• As we decided to upgrade the existing anonymous user to a permanent user (based on their Apple ID credentials), we’re calling currentUser.link(with: credential) (1).
  • The result of that call either is an upgraded user or an error (2).
  • The most common cause for an error is if the user is trying to link with an Apple ID that they’ve already linked to. As developers, we will run into this situation all of the time, as we’re obviously linking to the Apple ID of our own account or a test account (should you have one). I’ll show you how to unlink your Apple ID from your application below to help you test all scenarios, but we need to gracefully deal with this situation. We’ve got a couple of options, such as telling the user they cannot do this (bad), or signing in to the already linked account (better), or signing in to the already linked account and migrating any data the user might have in the anonymous user they’re currently using (best). Because this is a rather involved topic, we’re going to cover this is a separate post.
  • If all goes well (i.e. the user hadn’t linked their Apple ID before), the result of currentUser.link(with: credentials) is a signed-in User instance, representing the user’s Apple ID. In this case, we can go ahead and call the callback provided when the caller kicked off the sign-in process (3).

Unlinking your Apple ID from an app that uses Sign in with Apple

Once you’ve signed in to your app, you cannot repeat the sign-in flow, which makes testing a bit of a challenge. To get back to the initial state, you need to disconnect your Apple ID from your app. Here is how:

  • Go to https://appleid.apple.com and sign in using your Apple ID
  • In the Security section, find Apps & Websites using Apple ID and click on Manage…
  • You will see a pop-up dialog that shows you all apps that are connected to your Apple ID
    Managing apps using Apple ID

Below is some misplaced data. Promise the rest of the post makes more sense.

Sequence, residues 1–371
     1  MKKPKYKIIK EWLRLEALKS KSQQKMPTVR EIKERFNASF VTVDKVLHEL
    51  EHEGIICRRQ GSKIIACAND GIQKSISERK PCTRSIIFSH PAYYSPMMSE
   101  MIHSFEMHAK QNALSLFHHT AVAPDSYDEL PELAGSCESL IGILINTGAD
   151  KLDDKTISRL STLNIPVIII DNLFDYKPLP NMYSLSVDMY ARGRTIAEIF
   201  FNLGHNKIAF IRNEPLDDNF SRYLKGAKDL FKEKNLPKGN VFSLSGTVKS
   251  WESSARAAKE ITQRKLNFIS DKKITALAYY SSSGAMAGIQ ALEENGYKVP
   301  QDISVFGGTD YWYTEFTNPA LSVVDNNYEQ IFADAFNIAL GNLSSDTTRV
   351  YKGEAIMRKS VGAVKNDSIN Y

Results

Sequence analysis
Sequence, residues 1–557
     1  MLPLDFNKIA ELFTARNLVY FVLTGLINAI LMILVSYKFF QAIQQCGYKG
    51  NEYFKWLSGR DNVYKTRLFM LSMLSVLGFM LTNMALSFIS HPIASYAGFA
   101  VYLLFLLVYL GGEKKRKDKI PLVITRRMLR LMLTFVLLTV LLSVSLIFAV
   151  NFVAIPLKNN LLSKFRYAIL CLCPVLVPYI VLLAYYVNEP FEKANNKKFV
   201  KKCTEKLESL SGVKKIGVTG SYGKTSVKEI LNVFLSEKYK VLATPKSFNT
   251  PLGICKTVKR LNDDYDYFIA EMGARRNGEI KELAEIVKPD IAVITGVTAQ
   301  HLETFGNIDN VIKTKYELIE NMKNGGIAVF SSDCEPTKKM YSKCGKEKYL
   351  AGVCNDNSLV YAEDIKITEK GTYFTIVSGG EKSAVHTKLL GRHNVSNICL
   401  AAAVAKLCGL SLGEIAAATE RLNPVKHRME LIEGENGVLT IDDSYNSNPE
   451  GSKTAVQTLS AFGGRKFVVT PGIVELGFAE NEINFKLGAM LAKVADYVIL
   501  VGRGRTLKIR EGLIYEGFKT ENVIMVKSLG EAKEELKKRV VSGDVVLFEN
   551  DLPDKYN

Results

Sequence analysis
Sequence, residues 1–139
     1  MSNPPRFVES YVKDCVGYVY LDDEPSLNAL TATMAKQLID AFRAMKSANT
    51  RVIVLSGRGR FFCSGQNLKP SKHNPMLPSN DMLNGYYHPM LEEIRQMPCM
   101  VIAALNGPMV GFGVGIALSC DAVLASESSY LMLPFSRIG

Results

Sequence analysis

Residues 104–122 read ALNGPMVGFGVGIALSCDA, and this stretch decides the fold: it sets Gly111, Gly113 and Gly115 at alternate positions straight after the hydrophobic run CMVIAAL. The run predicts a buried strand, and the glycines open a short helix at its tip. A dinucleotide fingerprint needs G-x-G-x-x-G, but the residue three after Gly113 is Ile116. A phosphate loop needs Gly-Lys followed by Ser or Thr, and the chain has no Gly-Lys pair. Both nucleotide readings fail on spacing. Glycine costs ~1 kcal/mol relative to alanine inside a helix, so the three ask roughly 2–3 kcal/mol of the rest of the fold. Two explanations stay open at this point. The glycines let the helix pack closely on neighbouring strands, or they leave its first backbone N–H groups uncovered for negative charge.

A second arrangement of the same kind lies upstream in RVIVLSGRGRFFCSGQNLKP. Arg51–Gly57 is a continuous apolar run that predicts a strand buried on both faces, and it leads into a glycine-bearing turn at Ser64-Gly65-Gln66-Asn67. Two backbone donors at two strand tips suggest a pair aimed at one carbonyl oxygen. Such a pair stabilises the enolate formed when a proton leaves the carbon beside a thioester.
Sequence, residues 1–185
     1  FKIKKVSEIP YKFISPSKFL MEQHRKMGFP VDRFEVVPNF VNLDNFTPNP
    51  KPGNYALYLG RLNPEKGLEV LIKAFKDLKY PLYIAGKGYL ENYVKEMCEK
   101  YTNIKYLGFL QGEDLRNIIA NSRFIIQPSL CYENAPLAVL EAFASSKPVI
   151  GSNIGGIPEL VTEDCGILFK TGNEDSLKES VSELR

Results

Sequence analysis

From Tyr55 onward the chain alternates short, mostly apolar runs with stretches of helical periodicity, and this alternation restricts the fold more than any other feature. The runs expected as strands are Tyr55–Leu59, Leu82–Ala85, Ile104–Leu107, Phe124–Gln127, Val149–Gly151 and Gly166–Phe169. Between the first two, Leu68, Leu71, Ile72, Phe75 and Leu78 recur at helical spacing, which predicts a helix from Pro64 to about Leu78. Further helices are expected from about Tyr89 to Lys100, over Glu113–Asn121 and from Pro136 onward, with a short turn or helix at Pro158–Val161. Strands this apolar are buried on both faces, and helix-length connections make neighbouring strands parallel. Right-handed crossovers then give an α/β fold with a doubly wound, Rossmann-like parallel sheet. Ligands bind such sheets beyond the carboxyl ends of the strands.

Managing apps using Apple ID
  • Click on the name of the app you want to disconnect
  • The following dialog will tell you when you first started using your Apple ID with this application
    Disconnecting your app
    Disconnecting your app
  • Click on Stop using Apple ID to disconnect this app from your Apple ID

The next time you open that app, you will need to sign in again.

Retrieving the user’s display name

Many apps provide a more personalised experience for their signed in users, for example by displaying their name on the profile screen.

Sign in with Apple will provide the user details you requested using the scopes only the first time a user signs in to your app with their Apple ID. This is a design decision Apple made to ensure developers take privacy concerns seriously.

Firebase automatically stores the opaque user identifier Apple provides in the Firebase user that is created when you invoke currentUser.link() or Auth.auth().signIn(). The same applies to the user’s email address. Keep in mind that if the user decides to use Apple’s anonymous email relay, the user’s email address will look like this: <random-identifier>@privaterelay.appleid.com.

The user’s full name is not automatically stored in the user object that Firebase creates for a linked user. This is a design decision that the Firebase team made to prevent developers from accidentally violating Apple’s anonymised data requirements.

As our to-do-list app does not support linking with any other identity provider other than Sign in with Apple, we won’t be running into this situation. So let’s store the user’s full name into the Firebase user object ourselves: